Colleges and universities have been starved for state funding through the ongoing budget impasse. The interim provost at the flagship campus of the University of Illinois recently presented faculty and staff with a blunt accounting of the school’s financial situation.

flickr/ DonkeyHotey

The presidential race is capturing most voters' attention. But here in Illinois, there's record-breaking spending going into races for the General Assembly. Hanging in the balance is the state of Illinois, or at least its budget, anyway.

Public Domain

Even though it has lasted nearly a year and a half, most Illinois voters say they haven’t personally felt the effects of the state budget impasse. That’s according to a poll from the Paul Simon Public Policy Institute, which is based at Southern Illinois University in Carbondale. 

Community Voices #PastDue - Forefront

Oct 17, 2016
Forefront logo
Forefront

Forefront's VP of Strategy + Policy, Delia Coleman discusses why Illinois needs a responsible budget now in this #PastDue video:

Public Domain

Adults with disabilities often face long waiting lists for services or placements in group homes. This leaves parents filling the role of primary caregiver, often with little outside help.

In recent years, there have been multiple incidents of parents in the Chicago suburbs killing their adult children with disabilities and then killing themselves or trying to kill themselves. 

These tragedies prompted the Daily Herald to look at the pressures caregiver parents face. Marie Wilson wrote a series of stories on that topic. Illinois Issues editor Jamey Dunn talked with Wilson about her stories. 

hourglass with dollar signs instead of sand filtering through
flickr/ Bill Brooks

Before he ran for governor, Bruce Rauner described a plan to use funding for social services as a “wedge” issue to persuade Democrats to support anti-union proposals. The fact that lawmakers did nothing to address the rollback of the temporary income tax increase, which was passed in 2011, set the stage for him to try out his strategy.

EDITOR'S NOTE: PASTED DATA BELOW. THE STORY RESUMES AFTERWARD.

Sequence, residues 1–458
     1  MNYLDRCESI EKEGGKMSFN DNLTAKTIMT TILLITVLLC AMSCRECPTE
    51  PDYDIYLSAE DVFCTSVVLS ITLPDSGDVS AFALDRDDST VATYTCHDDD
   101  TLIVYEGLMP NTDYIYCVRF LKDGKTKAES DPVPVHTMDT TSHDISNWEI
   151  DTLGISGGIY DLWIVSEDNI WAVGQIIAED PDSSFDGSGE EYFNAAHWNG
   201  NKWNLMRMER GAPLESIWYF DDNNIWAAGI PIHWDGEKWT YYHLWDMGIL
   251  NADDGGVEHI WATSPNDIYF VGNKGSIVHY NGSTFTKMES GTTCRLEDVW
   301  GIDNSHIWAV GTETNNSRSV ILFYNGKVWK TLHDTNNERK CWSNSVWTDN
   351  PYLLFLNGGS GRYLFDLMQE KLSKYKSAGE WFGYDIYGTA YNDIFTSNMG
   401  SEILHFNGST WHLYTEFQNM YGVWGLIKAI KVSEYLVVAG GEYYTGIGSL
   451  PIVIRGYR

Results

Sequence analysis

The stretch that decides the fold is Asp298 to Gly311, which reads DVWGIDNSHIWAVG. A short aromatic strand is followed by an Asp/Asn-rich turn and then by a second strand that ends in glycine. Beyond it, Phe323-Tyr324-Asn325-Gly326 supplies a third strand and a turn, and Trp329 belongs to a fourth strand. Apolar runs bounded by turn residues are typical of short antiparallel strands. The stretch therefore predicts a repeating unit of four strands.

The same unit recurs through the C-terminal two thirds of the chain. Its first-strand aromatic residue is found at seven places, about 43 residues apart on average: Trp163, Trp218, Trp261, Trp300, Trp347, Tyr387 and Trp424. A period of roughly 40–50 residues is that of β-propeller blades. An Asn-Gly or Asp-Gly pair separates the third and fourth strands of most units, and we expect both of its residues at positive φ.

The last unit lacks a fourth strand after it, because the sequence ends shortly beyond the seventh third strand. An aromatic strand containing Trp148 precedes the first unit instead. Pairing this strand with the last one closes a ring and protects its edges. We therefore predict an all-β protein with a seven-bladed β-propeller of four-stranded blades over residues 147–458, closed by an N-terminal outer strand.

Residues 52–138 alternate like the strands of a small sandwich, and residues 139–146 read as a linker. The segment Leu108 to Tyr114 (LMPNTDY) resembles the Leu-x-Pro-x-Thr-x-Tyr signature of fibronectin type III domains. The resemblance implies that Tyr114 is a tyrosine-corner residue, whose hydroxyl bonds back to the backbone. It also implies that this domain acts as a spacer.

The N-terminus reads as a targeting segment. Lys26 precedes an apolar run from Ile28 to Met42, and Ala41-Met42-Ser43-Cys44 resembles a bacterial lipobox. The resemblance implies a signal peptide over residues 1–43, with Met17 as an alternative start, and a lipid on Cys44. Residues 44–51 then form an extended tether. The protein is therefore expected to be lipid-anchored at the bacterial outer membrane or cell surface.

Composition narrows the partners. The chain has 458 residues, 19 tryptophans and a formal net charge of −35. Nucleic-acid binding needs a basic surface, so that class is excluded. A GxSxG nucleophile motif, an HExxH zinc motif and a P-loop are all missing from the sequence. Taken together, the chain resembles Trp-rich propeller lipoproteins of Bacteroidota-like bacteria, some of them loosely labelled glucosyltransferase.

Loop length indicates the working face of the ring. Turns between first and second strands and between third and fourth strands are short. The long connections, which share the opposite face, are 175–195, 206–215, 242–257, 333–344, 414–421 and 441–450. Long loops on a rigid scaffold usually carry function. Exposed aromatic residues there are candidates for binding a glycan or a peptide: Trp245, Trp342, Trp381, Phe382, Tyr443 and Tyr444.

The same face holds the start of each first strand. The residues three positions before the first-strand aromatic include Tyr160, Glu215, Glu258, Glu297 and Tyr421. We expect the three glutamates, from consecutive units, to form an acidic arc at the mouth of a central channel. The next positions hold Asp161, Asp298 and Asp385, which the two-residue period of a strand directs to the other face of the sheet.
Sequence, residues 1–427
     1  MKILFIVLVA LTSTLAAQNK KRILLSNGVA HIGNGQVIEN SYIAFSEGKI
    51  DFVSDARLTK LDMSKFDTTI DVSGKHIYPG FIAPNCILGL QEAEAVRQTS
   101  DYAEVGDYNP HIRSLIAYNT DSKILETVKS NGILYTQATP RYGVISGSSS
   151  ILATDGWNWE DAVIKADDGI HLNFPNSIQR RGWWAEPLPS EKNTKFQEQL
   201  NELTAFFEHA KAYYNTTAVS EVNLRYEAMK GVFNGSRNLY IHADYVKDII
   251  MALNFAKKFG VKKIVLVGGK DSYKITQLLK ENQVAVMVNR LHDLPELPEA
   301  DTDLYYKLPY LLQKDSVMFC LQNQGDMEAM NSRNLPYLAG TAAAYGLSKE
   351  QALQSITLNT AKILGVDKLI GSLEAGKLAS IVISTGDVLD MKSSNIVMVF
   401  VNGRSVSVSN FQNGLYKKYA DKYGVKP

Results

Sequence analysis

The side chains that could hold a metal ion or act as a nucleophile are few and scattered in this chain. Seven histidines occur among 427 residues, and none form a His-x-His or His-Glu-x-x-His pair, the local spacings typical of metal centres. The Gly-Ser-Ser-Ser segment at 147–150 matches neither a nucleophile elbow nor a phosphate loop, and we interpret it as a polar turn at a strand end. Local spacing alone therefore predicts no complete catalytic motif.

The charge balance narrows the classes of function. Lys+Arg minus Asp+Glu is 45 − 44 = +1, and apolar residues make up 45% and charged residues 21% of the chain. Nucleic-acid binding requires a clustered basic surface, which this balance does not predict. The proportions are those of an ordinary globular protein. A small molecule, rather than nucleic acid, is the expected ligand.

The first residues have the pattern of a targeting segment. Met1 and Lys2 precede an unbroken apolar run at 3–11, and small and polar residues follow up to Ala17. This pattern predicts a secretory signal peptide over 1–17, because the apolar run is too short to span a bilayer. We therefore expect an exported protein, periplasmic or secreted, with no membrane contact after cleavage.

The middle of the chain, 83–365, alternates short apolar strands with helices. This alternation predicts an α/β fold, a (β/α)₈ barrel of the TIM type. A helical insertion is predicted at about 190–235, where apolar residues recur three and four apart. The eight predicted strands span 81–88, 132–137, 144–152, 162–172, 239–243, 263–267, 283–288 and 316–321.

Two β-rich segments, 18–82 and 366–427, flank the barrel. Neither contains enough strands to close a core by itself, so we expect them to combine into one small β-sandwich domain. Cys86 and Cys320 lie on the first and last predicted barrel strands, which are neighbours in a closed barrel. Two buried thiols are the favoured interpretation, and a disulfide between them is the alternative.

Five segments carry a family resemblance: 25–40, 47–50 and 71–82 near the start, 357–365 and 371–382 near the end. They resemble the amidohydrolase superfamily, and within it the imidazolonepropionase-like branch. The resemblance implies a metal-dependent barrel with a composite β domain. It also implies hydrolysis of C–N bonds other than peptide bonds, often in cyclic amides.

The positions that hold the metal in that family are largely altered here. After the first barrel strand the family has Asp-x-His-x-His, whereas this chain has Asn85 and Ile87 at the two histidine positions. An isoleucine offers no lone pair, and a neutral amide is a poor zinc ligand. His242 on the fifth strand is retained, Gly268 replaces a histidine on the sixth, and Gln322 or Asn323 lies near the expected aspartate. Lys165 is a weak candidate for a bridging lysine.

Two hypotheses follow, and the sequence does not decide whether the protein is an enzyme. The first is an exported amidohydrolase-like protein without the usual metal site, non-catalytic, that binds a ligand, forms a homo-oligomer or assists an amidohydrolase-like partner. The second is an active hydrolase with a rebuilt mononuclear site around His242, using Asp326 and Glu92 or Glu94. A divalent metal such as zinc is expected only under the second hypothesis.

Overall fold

flickr/ 401kcalculator.org

The political spotlight has shifted to the election, but the state budget crisis continues to cost the people of Illinois. 

Community Voices #PastDue - Centro Romero

Sep 28, 2016
Centro Romero

Debbie and William of Centro Romero, which helps the immigrant and refugee community achieve self-sufficiency, recorded this #PastDue video:

University of Illinois Public Affairs

The University of Illinois has received a relatively glowing financial report from Moody's Investor Service, but it comes with warnings.

In a just-released report, Moody's analysts commend administrators for having years ago prepared to weather fiscal storms like the one higher education's facing now.

The state of Illinois may have the nation's worst credit rating. But its largest public university system -- the University of Illinois -- gets a far better grade.

Randy Dunn
Brian Mackey / WUIS

After years of declining enrollment and a recent loss of funding under the state budget impasse, leaders of Southern Illinois University in Carbondale are considering the school's future.  

Molly Parker, a reporter with The Southern Illinoisan, is working on a series of stories focused on the university. Illinois Issues editor Jamey Dunn sat down with Parker to talk about SIUC.